The Do Good Tour: 10,000 Miles of Good Deeds

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On the Road

In short order Jay and Beth sold the house, bought an RV, and became best friends with their GPS. They closed on the sale of their home and hit the road just in time to avoid the housing crash. Though Jay's income has dropped during the economic slowdown, the family's financial future would have been downright bleak if they still had a mortgage of their own to pay. To the Loeckens, it's one more sign that choosing four wheels over brick and mortar wasn't so crazy after all.

There are just two rooms in the ultra-compact 2006 Monaco Knight that the Loeckens now live in. The front area serves as the kitchen, living room, dining area, and classroom (Beth continues to homeschool), not to mention one bedroom for all four kids. Abigail and Bekah sleep on the foldout couch, Noah gets the love seat and Ben beds down under the kitchen table on blow-up mattress. "Just guess how many times I've woken up and hit my head," he deadpans. The kids each have one small overhead cubby instead of a closet; according to Ben, Abigail's is the messiest. Otherwise the RV is pristine and hyperorganized -- Beth has labeled every Rubbermaid container in it. She and Jay have the back bedroom, which doubles as an office and laundry room (the compact washer and dryer are mere footsteps from the computer and desk where Jay runs the family's Web site,, and his mortgage business). Their motorcycle and their SUV are hitched to the back. "It's kind of nice to drive something that's not your home once in a while," Jay jokes.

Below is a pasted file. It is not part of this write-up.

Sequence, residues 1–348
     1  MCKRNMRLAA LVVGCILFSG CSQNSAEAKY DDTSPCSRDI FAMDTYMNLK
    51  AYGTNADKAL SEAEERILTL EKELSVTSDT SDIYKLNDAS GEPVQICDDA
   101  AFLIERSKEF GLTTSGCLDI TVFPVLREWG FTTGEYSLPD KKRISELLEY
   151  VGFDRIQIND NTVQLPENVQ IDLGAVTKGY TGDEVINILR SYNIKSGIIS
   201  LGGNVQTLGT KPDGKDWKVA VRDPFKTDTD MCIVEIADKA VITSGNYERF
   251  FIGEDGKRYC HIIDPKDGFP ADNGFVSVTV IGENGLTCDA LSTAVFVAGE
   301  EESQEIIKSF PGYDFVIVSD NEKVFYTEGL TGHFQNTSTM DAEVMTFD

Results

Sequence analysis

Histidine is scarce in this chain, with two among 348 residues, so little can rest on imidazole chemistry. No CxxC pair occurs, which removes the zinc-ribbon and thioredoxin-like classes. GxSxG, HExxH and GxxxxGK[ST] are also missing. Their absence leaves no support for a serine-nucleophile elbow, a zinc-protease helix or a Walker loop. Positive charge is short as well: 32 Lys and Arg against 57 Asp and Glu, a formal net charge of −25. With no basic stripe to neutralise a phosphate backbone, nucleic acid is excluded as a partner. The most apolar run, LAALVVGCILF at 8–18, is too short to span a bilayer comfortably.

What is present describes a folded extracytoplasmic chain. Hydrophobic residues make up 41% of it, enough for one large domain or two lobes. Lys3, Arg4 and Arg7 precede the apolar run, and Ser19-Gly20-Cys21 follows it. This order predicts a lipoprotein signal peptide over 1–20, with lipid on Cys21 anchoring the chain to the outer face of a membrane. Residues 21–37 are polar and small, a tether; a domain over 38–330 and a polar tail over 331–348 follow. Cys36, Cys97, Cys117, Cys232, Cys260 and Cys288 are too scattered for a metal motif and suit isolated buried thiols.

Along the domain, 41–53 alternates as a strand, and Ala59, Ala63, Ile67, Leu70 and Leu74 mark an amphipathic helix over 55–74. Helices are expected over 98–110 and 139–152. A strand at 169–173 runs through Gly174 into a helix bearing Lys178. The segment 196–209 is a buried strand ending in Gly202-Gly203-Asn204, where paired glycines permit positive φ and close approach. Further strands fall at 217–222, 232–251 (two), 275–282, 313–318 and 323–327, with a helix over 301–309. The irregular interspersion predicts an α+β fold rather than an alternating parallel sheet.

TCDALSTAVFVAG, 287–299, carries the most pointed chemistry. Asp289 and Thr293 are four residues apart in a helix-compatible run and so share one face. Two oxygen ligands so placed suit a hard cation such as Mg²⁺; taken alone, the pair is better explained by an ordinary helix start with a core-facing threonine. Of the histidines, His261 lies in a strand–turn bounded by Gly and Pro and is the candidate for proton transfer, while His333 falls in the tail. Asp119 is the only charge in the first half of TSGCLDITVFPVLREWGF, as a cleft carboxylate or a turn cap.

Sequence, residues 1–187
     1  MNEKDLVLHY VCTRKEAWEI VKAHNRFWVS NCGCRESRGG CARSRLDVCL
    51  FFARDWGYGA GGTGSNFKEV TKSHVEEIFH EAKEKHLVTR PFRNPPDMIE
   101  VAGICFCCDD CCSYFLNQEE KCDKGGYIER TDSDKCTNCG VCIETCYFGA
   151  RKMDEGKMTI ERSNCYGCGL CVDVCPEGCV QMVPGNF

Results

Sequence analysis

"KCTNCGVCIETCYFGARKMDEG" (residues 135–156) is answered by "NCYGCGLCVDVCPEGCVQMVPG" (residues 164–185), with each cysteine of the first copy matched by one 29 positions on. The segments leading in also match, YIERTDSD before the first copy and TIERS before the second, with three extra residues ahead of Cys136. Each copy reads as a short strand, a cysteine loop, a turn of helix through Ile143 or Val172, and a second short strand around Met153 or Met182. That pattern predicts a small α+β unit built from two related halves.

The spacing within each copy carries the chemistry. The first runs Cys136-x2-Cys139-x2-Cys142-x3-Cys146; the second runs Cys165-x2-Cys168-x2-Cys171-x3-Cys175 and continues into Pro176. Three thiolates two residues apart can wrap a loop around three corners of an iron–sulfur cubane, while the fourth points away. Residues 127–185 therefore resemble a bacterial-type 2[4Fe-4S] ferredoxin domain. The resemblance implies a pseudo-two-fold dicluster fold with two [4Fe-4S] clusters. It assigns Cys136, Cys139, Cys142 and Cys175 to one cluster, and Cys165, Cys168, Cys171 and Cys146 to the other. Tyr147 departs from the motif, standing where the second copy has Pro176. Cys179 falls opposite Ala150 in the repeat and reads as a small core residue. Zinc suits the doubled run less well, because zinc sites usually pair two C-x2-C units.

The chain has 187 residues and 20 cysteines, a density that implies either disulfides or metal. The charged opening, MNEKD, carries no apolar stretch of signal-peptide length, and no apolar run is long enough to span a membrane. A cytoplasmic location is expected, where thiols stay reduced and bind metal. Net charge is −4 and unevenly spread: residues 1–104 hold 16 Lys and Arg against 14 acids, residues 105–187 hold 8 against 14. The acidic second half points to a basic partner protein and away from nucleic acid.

But the laughs didn't come as easily during those first weeks, when the family struggled to adjust. Bekah did indeed miss her friends, Ben longed for privacy, and Jay missed just about everything associated with life outside the camper. "At points I was like, 'Let's just stop this crazy ride and buy another house,'" he says. "It usually happened when the electricity went out, the hookups weren't working, or I had to deal with dumping the sewage." Jay, who had never driven an RV before, also had to master the arts of backing the 40-foot-long vehicle out of driveways, parallel parking, and merging onto highways.

Continued on page 3:  Risks and Rewards


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